Why was Jesus angry?

 

The traditional answer has something to do with the lack of faith and belief Jesus was seeing around Him. But a well-known preacher of another generation, BB Warfield, writes this:

 

“It is death that is the object of his wrath, and behind death him who has the power of death, and whom he has come into the world to destroy. Tears of sympathy may fill his eyes, but this is incidental. His soul is held by rage: and he advances to the tomb, in Calvin’s words again, “as a champion who prepares for conflict.”

 

Very good points made here and in light with Christ’s coming to earth to finally defeat sin and death and hell.

 

But I suggest this morning that Jesus is grieving too. He is grieving that death still has power and is still at work in human existence. I also think that He grieved at the lack of faith as well.

 

And I cannot help but feel that He grieved as a human would grieve. He grew up in a culture where grieving was done.

 

 

  1. Grieve

 

It is okay to grieve. It is okay to mourn. It is okay to cry and express the anguish of losing someone or something. Or the grief which comes when something happens and life and/or a relationship changes forever.

 

Jesus, I think, grieved at a deeply agonizing level on the cross as He uttered the words “My God, my God why have you forsaken me?”

 

I do not remember which funeral it was now but I remember walking into the room to begin the funeral service and sensing lots of love as well as grief and sorrow.

 

We really grieve what we really love. That’s why when a marriage, a parent-child relationship, or a long-time friendship ends either through death or conflict, there is a lot of pain.

 

Or when a dream job fails to take place or we are either laid-off or terminated from it, there is sometimes, sometimes, a grieving that takes place.

 

Or when our kids leave home and go out on their own, there is grieving. (Or some grieving when they move back home, too!)

 

Or when a beloved pastor or other church leader leaves, either well or not so well, a congregation grieves.

 

Or when we realize the passing of time and that we grieve the passing of that time and place and feel like strangers in this time and place.

 

Conflict, whether it is correctly resolved or not, causes grief because it creates a change that affects all involved.

 

What is it that you need to grieve these days?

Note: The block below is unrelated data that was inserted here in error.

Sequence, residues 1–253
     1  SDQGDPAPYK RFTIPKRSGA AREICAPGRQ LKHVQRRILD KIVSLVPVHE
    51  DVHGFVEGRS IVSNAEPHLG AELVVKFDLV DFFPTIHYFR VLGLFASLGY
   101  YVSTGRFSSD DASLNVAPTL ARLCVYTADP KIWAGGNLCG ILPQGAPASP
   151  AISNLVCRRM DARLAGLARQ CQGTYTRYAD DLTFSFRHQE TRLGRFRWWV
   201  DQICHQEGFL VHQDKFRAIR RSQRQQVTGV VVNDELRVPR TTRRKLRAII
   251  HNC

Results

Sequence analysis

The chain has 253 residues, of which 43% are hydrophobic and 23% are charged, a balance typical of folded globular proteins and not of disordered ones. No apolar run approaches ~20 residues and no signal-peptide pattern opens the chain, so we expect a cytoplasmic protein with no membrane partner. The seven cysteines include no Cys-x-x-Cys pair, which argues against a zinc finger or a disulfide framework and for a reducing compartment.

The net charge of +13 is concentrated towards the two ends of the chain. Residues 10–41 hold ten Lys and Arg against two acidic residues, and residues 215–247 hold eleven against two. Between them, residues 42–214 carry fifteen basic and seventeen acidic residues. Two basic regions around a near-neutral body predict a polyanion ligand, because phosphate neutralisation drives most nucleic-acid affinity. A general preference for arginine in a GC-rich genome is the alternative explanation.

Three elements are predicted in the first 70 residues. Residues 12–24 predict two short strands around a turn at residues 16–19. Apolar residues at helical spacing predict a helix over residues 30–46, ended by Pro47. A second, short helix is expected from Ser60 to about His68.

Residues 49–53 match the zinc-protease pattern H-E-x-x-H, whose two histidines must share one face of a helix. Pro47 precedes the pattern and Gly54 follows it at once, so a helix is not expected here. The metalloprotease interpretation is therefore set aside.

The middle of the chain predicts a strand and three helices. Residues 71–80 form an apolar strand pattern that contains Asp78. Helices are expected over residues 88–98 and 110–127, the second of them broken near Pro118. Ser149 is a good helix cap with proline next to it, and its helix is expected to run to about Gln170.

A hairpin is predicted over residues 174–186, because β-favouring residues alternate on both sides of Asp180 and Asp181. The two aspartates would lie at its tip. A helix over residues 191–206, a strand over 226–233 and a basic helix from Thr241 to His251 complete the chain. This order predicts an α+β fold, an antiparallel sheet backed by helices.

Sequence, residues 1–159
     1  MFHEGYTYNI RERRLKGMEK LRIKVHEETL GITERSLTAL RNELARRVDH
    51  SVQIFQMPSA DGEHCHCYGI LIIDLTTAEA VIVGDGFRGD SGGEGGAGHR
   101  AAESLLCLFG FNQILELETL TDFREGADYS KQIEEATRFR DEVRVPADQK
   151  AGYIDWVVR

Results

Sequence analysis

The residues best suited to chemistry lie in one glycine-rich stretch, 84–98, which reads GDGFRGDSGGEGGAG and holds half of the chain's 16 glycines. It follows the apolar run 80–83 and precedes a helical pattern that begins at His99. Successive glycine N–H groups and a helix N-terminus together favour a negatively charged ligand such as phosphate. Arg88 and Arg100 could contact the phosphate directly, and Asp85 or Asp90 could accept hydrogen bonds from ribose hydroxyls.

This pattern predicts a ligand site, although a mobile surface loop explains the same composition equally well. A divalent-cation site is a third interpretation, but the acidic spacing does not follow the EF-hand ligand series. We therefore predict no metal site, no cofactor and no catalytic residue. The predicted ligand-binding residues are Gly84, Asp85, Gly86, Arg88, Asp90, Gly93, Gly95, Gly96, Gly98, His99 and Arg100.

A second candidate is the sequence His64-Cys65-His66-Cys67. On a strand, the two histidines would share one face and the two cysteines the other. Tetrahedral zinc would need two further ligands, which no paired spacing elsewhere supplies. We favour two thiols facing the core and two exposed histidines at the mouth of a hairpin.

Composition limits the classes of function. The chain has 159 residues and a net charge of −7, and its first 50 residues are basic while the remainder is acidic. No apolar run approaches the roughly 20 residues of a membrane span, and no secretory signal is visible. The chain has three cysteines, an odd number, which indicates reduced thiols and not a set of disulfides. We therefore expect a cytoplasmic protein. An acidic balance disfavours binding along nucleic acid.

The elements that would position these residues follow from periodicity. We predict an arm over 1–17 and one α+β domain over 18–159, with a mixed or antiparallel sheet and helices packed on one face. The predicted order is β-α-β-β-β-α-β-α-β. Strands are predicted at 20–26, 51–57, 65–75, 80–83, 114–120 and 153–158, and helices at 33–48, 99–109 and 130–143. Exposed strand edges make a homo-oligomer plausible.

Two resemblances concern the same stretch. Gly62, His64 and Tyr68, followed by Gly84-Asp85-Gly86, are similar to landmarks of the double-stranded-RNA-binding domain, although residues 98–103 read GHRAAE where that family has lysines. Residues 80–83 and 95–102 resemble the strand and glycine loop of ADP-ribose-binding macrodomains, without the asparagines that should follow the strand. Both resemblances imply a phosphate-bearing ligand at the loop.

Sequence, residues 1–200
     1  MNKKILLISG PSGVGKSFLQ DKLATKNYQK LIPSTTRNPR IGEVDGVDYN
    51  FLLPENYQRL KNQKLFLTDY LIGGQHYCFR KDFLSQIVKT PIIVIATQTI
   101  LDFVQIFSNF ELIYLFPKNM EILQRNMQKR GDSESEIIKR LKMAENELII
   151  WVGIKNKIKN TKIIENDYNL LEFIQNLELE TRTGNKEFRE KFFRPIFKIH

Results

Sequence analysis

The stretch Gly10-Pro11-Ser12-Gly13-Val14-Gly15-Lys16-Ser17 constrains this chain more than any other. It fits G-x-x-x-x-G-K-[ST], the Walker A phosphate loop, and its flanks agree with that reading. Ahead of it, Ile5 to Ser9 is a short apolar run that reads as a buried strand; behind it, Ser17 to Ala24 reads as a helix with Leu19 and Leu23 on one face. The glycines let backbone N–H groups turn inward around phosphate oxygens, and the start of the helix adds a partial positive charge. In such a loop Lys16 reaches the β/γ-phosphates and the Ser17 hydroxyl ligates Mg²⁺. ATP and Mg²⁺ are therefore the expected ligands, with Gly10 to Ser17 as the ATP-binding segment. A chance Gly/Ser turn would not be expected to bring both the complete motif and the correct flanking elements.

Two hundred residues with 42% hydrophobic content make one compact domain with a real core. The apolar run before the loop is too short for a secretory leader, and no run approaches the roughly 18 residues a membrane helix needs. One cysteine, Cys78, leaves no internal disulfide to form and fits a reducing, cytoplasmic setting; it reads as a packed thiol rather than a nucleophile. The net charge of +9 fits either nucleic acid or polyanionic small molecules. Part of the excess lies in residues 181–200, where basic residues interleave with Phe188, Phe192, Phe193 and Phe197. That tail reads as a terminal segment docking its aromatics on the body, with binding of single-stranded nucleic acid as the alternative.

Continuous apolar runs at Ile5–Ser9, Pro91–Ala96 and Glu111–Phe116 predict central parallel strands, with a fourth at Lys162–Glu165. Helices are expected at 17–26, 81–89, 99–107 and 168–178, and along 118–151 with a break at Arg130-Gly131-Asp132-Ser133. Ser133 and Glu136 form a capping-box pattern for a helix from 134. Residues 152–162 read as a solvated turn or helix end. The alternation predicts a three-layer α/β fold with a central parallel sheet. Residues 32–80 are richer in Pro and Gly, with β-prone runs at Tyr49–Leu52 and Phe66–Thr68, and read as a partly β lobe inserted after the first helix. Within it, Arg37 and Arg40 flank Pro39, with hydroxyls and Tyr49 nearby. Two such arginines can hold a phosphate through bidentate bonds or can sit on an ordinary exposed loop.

I ask this question not to shame or guilt anyone. Nor do I ask it to depress us. Some of us are already dealing with some depression because of grief.

 

Jesus Christ understood grief because He was acquainted with grief. He experienced grief.

 

Bring your grief to the Lord this morning, He will walk with you through your grief, no matter if it is current grief or grief in the past. He will help you with your grief.

 

Grief is a part of life but it does not have the last word. Jesus does!

 

Thanks be to God for that.

 

Amen

Everything to God in Prayer: Prayer and the Character of God

Sunday Message presented on July 30, 2017

Luke 11:11-13

 

We have spent three of the past four Sundays walking through the first thirteen verses of Luke 11 which began with a disciple’s request, “Lord, teach us to pray…” What has followed has been a study of the prayer the Lord gave the disciples to pray.

“When you pray, say…”

Then we looked at the next six verses, 5 through 10 and the need for persistence in praying as illustrated by the persistent neighbor who sought bread from a friend and Jesus’ statement of such persistence…

“I tell you, even though he will not get up and give you the bread because of friendship, yet because of your shameless audacity he will surely get up and give you as much as you need.”

Today we conclude with the final three verses of this passage:

“Which of you fathers, if your son asks for a fish, will give him a snake instead? Or if he asks for an egg, will give him a scorpion?

If you then, though you are evil, know how to give good gifts to your children, how much more will your Father in heaven give the Holy Spirit to those who ask him!”

Now I admit that as I have read through and studied the entire passage, verses 1 through 13, I came to our main text for this morning…scratching my head.

What on earth is Jesus saying to His audience and to us?

Well, one thing I did is that I went back to read the entire passage again and when I read these words at the beginning of the chapter,

“One day, Jesus was praying in a certain place. When he finished, one of his disciples said to him, “Lord, teach us to pray, just as John taught his disciples.”

I thought, that if Jesus was praying in a synagogue or even at the Temple in Jerusalem itself, He was not praying alone or just with His disciples. He was praying along with many others.